Since the inception of the ICRP it has been a captured agency of the global nuclear culture. In the past Rosalie Bertel did a detailed investigation of the ICRP’s membership back during the 1950’s showing that all were either directly part of the nuclear industry or managerial policy types brought into to legitimize an agency that was letting workers be exposed to excessive radiation levels all in the name of national security. In the late 1980’s at the peak of the collapse of the nuclear infrastructure within the USA, a national movement arose from within the ranks of Department of Energy (DOE) nuclear workers who were seeing ever growing numbers of fellow workers die of rare cancers and other illnesses. That movement would eventually lead to legislation passed in the late 1990’s that would give workers up to $150,000 in compensation if they could prove that they had been exposed to excessive levels of radiation or other carcinogens. An example of one of the most egregious coverup came when it was disclosed in 2006(?) that the workers’ health records from the DOE’s Mound facility in Ohio had been purposely exposed to radiation and then dumped in a nuclear waste dump half way across the country. A decade later of the ten’s of thousands of workers who have applied for compensation barely 1 in 4 have ever been given money and most have died trying. See library link for historic stories on this issue. The DOE worker health scandal continues up to the present. Much of the movement for compensation has all but died as most of those who fought for compensation are now deceased. The system was setup so a single family already facing economic hardship from medical bills would then have to prove a health connection and do so against the entire legal and technical resources the US government threw back in defense, of not wanting to pay compensation. Additional compensation programs for native american miners and downwinders were also set up and disbursed monies to very tightly defined communities. Coverage of this health disaster by the US media has been almost completely censored out of existence. Only a few times has there been an attempt to bring out these stories to the general public and only in a few areas of the country. The radiation standards community has been part and parcel to these long standing scandals.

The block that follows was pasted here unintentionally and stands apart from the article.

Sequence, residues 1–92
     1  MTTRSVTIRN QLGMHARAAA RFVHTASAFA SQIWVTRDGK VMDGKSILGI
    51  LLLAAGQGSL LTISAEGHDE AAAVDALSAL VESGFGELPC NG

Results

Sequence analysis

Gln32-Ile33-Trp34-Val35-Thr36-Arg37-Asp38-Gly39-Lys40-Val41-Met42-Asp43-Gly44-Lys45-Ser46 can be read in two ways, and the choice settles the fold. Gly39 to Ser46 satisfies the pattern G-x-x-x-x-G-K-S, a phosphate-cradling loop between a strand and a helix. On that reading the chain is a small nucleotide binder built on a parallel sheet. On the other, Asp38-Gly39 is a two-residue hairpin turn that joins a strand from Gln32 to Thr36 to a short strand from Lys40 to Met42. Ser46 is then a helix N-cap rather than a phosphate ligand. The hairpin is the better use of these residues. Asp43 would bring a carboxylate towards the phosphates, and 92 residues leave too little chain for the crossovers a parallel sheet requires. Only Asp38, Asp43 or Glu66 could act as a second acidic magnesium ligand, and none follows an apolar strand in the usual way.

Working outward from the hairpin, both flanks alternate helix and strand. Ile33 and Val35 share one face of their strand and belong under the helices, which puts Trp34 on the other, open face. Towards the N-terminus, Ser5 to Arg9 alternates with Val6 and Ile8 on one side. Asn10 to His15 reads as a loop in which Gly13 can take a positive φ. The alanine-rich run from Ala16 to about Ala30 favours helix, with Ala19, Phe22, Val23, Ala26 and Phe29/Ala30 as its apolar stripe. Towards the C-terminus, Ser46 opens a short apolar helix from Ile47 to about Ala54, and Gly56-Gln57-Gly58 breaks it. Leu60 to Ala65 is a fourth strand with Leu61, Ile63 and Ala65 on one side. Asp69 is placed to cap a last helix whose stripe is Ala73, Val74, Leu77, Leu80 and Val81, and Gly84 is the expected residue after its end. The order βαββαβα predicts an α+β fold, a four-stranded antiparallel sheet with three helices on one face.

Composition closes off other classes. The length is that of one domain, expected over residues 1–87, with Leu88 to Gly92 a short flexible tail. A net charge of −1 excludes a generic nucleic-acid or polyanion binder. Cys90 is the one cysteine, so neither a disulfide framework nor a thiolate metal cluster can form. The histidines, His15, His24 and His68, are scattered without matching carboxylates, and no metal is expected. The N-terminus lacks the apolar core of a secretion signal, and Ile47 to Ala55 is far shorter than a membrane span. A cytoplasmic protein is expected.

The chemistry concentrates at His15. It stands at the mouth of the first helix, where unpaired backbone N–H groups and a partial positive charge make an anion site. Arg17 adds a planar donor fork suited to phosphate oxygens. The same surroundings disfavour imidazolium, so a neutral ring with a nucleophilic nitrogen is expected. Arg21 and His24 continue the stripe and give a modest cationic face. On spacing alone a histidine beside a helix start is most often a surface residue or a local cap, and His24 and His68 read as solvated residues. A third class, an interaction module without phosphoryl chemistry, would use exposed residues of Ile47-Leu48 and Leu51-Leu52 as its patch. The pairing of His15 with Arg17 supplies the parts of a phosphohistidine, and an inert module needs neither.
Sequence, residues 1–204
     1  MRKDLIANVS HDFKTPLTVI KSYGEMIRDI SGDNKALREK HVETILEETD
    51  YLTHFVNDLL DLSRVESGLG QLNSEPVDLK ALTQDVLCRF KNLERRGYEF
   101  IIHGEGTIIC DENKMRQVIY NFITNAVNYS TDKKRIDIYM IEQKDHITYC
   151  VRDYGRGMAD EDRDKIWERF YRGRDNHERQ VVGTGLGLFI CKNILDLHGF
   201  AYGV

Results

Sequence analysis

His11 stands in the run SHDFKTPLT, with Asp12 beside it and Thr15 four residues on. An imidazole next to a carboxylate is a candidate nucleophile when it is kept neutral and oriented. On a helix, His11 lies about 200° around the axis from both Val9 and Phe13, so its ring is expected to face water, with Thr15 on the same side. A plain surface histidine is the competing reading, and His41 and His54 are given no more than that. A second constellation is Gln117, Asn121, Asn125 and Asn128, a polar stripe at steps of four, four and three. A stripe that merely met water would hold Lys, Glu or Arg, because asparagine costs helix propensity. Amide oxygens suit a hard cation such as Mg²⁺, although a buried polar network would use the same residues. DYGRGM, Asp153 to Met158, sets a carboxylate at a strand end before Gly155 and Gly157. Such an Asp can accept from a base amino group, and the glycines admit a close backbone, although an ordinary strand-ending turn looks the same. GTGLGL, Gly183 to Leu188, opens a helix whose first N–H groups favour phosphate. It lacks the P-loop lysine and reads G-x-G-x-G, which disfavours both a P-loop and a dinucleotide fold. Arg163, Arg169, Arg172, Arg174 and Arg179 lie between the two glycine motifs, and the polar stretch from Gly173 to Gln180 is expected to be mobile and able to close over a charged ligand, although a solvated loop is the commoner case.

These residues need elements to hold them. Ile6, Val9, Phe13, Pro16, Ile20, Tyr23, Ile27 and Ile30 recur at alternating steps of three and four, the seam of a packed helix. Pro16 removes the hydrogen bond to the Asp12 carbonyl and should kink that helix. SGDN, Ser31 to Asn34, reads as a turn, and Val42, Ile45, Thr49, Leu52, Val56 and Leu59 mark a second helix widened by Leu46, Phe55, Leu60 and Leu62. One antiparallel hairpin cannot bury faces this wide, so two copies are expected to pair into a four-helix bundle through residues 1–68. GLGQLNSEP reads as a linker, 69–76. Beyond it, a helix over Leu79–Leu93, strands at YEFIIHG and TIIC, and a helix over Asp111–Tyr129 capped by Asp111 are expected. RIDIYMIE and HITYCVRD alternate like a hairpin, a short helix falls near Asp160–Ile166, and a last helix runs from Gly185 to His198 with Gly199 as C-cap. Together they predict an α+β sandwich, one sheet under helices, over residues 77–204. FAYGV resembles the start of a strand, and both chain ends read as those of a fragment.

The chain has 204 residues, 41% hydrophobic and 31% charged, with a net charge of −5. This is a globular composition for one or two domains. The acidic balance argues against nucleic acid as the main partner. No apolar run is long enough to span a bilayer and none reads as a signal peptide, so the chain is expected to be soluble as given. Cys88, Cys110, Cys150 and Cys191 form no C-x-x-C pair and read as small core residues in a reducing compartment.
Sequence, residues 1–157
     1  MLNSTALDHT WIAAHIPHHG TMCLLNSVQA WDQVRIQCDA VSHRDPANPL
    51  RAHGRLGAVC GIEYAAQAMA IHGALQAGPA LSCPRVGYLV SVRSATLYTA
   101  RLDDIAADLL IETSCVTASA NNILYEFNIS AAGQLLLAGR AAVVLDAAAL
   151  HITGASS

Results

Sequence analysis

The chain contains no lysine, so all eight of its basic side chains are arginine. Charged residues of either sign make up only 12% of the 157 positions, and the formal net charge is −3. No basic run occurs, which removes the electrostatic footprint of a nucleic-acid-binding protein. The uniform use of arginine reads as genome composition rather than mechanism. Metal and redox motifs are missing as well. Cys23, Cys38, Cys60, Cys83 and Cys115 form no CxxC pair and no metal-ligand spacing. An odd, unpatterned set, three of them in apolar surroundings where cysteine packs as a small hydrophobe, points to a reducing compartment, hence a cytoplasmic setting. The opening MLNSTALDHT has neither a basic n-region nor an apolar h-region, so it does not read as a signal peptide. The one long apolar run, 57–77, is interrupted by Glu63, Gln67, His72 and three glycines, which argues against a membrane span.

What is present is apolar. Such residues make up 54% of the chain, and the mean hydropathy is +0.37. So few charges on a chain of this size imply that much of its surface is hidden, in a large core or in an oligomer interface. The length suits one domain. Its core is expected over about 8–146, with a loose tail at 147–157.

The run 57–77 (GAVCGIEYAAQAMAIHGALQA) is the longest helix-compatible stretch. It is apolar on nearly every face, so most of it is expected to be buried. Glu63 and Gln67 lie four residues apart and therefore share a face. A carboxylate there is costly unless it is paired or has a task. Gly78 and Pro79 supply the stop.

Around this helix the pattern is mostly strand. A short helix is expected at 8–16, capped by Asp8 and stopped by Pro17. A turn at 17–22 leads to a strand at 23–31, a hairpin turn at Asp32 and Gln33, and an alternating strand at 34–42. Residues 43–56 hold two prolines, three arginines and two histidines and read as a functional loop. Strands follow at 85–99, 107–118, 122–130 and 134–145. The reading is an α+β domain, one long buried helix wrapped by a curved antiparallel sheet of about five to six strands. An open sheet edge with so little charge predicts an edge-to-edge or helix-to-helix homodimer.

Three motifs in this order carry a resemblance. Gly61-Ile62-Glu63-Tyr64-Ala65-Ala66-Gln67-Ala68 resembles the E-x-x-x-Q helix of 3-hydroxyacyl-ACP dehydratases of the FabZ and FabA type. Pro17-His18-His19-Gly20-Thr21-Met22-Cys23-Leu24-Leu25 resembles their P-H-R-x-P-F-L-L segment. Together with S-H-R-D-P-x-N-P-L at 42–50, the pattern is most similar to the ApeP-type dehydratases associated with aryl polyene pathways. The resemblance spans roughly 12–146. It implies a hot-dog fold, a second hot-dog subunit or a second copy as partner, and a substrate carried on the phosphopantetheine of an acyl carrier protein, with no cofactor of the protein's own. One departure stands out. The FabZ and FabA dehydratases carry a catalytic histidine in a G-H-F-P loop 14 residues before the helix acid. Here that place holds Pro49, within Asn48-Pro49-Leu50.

Last spring the US based environmental group NRDC released a report suggesting that there would be 80 excess cancers, based on the radiation release reports at the time. The NRDC study only evaluated external doses in coming to those figures, not to mention that it was public acknowledged that during the height of the accident TEPCo’s radiation monitors were all off line. Even so, recent reports suggest that ocean fallout into the pacific to be at least three times higher than previously stated publicly.
It is expected that both the UN’s High Level meeting on September 22nd will be filled with the claims of both the IAEA which conducted an investigation in May and released its report in June as well as the US NRC’s Fukushima. While NGO reports like WILPF’s will take back stage unless attention is drawn to the fact that there are major controversies across the board on what has and continues to happen at Fukushima.
If you know of any other UN registered NGO there still may be 4 minute speaking slots available (see details below on how to apply).
At the same time this is happening the International Atomic Energy Agency is holding a week long global symposium on nuclear safety in Vienna Austria. Here’s the link to the schedule of events taking place.
Last week the agency as well as the ICRP held a symposium on Fukushima in Japan. Here is the link to presentations made then which includes video. This particular IAEA page is probably the most complete page by any agency with extensive links to all major reports on the accident, including videos, photos and more.